Red Rocks Park Goals and Challenges

Home » City » Red Rocks Park Goals and Challenges

Thursday May 09, 2013

Many residents and non-residents of South Burlington annually flock to Red Rocks Park, particularly in the summer months to enjoy its trails, beach, and scenic vistas. In order to assure the park is maintained and cared for in the years to come; a management study was conducted and presented as a joint effort of  the Red Rocks Park Advisory Committee; chaired by Yiota Ahladas and UVM Grad student in the Field Naturalist Program, Sophie Mazowita. 


Ms. Mazowita covered a “sampling” of the full 60 page report in her presentation to the Council. She began with an overview of the park itself which contains 100 acres of urban forest and was purchased by the City in 1970. The park contains 3.3 miles of walking trails and access roads with an additional 4.3 miles of unofficial side trails. It provides a popular destination for dog walking, swimming, hiking, and nature appreciation. The park is also home to a diversity of wildflowers, and wetland areas provide habitat for breeding frogs and salamanders. 


One of the primary challenges of the park is balancing recreational opportunities with the preservation of forests and wildlife. The increase in use has contributed to problems such as invasive species, erosion, unofficial trail creation, and off leash dog impacts (only 12% of dog walkers obey the leash law and some do not pick up after their pets). Since the invasive species are in the early stages, they should be easier to eradicate now according to Mazowita. In addition, some park users engage in bon fires, camping, cliff jumping, illegal parking and littering which are difficult to enforce given the limited nature of City resources.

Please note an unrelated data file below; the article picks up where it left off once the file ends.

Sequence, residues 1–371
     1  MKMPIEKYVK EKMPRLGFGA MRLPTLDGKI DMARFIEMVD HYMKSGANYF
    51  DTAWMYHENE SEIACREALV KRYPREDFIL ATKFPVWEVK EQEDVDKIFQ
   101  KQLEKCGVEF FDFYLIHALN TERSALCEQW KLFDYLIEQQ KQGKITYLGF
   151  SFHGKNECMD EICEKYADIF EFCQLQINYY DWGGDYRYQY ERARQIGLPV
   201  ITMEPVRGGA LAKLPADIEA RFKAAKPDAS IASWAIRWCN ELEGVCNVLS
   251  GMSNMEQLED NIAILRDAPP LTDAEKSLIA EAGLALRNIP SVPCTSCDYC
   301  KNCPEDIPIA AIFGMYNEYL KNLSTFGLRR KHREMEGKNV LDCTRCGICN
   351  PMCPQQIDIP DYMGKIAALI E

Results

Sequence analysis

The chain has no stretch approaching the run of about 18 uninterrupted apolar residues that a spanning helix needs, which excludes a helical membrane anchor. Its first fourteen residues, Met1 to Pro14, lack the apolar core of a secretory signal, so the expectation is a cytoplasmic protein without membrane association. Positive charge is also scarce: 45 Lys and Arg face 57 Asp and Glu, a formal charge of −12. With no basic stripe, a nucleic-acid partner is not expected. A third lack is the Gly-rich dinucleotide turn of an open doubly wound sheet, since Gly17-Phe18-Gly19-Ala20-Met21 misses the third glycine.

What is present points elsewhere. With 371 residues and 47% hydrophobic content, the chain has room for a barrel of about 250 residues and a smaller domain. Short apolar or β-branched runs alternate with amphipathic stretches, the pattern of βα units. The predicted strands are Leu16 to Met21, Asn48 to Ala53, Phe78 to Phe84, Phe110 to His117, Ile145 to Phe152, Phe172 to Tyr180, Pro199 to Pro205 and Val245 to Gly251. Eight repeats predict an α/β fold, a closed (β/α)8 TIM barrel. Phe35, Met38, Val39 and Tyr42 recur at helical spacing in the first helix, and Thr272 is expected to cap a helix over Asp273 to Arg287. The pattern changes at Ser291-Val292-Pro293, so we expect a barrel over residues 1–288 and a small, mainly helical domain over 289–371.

Ms. Ahladas said, “This is a rare jewel to the City and also for the broader community. It is increasingly becoming a tourist destination and the increased usage presents increased challenges…we need to take conscious leadership to preserve it for the future.” Ahladas mentioned disappearing view corridors and conflict with the Department of Public Works regarding downed trees. Recently, the Department has been clearing them, but in the past, there was an understanding that fallen trees would remain on the forest floor to decompose and provide valuable habitat to wildlife. Ahladas explained that she and her committee would continue to be involved in the maintenance and would bring in volunteers to assist in the effort. The Council recommended she cite the interdepartmental issues in her report.


Tom Hubbard, Director of Recreation and Parks said, with the Council’s approval, he would post the entire report on the City website for public comment. Chris Shaw moved to accept the study and allow for posting to the website, Pat Nowak seconded and the decision was unanimous. 


You can become involved with or stay apprised of updates on Red Rocks Park by submitting comments online, http://www.sburlrecdept.com/documents/RedRocks.ExecSumm going to a public meeting, or contacting the Red Rocks Park Committee. You can also take part in park service days to remove invasive plants, maintain trails, and monitor wildlife as well as explore the park with the Red Rocks nature club on the last Sunday of each month.
SOURCE: Corey Burdick, Correspondent